John Schmitt from CEPR has a new paper out, Labor Market Policy in the Great Recession: Some Lessons from Denmark and Germany (pdf).
This paper reviews labor-market performance of Denmark and Germany during the Great Recession. From the mid-1990s through the onset of the Great Recession, Denmark had what were arguably the most successful labor-market outcomes in the OECD, but the country has suffered in recent years. Germany, on the other hand, struggled with high unemployment, slow job growth, and rising wage inequality through much of the period between unification and the onset of the Great Recession, but has outperformed the rest of the OECD since. Labor-market institutions may explain the different experiences of the two economies. Danish institutions – built around numerically flexible employment levels and strong income security for workers – appear to perform well when the economy is at or near full employment. In good times, the country’s expensive active labor market policies work to connect unemployed workers to available jobs. In a severe downturn, however, where the overwhelming cause of unemployment is a lack of aggregate demand, institutions that encourage adjustment through employment are a liability and policies that seek to “activate” workers are not particularly effective. German labor-market institutions, which emphasize job security by keeping workers connected to their current employers, may have drawbacks when the economy is operating near full employment because they may discourage the efficient reallocation of workers from firms and industries where demand is falling to firms and industries where demand is on the rise. These same institutions, however, appear to have been well-suited for coping with the Great Recession because they encouraged firms to cut hours rather than workers, sharing the burden of the downturn more widely and helping firms keep their workforce in place and ready for the subsequent upturn.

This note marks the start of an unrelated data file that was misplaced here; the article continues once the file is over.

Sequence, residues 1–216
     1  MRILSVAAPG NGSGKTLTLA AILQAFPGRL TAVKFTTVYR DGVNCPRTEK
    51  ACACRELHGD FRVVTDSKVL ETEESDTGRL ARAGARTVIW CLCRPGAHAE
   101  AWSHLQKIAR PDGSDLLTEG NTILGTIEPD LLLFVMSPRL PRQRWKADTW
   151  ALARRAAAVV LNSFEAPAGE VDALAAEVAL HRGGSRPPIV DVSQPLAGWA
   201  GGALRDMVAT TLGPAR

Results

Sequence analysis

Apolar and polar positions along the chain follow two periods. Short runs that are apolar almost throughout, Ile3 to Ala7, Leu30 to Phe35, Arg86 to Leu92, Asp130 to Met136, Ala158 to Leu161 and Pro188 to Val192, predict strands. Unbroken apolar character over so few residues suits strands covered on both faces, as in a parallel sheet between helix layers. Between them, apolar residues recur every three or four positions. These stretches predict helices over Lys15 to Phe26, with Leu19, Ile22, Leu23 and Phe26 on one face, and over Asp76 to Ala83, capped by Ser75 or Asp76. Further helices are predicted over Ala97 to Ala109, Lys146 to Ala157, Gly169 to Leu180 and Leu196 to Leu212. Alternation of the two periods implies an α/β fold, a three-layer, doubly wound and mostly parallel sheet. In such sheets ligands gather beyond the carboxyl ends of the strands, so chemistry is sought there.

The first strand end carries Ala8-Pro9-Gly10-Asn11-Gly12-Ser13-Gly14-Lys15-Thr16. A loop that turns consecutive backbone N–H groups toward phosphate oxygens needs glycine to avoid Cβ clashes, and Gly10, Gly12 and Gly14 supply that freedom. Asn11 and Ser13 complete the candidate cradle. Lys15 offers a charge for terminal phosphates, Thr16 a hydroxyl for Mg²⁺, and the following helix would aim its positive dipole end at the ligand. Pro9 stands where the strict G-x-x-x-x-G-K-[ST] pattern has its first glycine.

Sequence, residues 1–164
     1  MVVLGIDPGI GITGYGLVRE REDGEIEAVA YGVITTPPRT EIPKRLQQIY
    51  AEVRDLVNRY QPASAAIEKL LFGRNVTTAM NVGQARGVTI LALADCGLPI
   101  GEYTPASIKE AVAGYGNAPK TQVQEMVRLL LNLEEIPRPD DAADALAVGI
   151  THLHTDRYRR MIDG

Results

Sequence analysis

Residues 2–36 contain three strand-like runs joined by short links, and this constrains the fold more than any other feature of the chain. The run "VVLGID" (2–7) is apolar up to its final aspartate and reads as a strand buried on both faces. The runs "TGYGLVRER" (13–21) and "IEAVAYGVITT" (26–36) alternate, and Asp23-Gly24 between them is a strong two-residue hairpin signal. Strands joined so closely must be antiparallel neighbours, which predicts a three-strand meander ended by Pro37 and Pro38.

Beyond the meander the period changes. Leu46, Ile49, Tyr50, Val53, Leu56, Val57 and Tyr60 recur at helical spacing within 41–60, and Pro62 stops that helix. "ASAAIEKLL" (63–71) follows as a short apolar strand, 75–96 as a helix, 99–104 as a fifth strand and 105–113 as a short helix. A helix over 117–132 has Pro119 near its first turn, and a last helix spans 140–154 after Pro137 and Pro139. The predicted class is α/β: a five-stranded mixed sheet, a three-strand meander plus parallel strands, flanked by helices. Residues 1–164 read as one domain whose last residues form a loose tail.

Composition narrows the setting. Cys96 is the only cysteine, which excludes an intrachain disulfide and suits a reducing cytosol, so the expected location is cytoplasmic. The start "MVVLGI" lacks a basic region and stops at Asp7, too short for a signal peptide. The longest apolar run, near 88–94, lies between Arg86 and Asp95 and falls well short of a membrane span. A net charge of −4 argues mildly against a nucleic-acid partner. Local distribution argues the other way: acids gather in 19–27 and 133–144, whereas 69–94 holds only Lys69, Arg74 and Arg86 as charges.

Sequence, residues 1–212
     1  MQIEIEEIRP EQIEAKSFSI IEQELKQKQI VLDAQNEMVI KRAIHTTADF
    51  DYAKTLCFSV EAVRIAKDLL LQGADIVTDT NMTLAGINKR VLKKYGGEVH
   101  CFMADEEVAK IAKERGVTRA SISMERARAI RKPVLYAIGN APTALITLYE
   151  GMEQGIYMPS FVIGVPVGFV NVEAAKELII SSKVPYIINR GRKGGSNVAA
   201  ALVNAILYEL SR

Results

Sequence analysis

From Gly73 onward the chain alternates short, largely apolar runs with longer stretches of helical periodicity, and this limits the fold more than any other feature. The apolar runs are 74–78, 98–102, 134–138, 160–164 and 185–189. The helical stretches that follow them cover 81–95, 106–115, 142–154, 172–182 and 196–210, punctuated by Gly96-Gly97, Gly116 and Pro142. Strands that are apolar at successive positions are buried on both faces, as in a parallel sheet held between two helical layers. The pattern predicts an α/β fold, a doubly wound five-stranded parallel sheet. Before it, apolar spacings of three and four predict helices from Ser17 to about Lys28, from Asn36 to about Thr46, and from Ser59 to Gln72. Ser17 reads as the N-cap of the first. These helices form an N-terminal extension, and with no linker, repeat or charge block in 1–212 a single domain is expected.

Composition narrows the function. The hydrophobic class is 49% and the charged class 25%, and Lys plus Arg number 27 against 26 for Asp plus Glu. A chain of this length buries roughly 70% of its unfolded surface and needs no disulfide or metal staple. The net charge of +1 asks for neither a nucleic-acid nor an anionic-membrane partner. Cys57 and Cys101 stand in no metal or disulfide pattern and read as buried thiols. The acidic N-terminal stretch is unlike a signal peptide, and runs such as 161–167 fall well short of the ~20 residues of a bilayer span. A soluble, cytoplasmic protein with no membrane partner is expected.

A few thoughts. One is that there’s no not having a labor policy – it’s just a question of how to set it up. The second is that the implicit argument embedded in the neoliberal reforms of the past 30 years in the United States – slow unionization, remove legal protections for workers, switch from welfare to EITC and various credits for working, etc. – requires there to be actual jobs available. If there’s a huge recession where jobs aren’t available, the neoliberal labor market is uniquely situated to have trouble surviving in one piece. In Schmitt’s analysis there’s a tradeoff between a labor force that does well in normal times and terribly in bad times and one that does worse in normal times but survives harder times stronger. Do we have the worst of both?
A third point is a intra-distributional issue – does this need to be country wide to be stable? A not entirely surprising attack we’ve seen in the past two years has been on public workers, an attack driven in part because of the stability through recessions. I know a lot of government workers who have done what Germany has done – furlough days, etc. That there hasn’t been the widespread pain that we’ve seen in the private hasn’t driven the private workforce to also experiment with different types of labor force legal protections.